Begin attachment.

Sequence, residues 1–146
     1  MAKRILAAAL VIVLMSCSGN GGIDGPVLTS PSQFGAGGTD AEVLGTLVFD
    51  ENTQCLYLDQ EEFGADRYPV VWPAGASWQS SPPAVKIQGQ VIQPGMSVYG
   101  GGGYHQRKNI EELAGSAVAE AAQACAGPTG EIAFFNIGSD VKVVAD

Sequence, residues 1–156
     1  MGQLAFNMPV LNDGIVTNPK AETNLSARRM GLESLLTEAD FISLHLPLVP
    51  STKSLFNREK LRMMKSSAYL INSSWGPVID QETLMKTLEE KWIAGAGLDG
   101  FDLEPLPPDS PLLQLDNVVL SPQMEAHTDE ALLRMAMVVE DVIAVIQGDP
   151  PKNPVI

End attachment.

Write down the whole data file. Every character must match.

Sequence, residues 1–146
     1  MAKRILAAAL VIVLMSCSGN GGIDGPVLTS PSQFGAGGTD AEVLGTLVFD
    51  ENTQCLYLDQ EEFGADRYPV VWPAGASWQS SPPAVKIQGQ VIQPGMSVYG
   101  GGGYHQRKNI EELAGSAVAE AAQACAGPTG EIAFFNIGSD VKVVAD

Sequence, residues 1–156
     1  MGQLAFNMPV LNDGIVTNPK AETNLSARRM GLESLLTEAD FISLHLPLVP
    51  STKSLFNREK LRMMKSSAYL INSSWGPVID QETLMKTLEE KWIAGAGLDG
   101  FDLEPLPPDS PLLQLDNVVL SPQMEAHTDE ALLRMAMVVE DVIAVIQGDP
   151  PKNPVI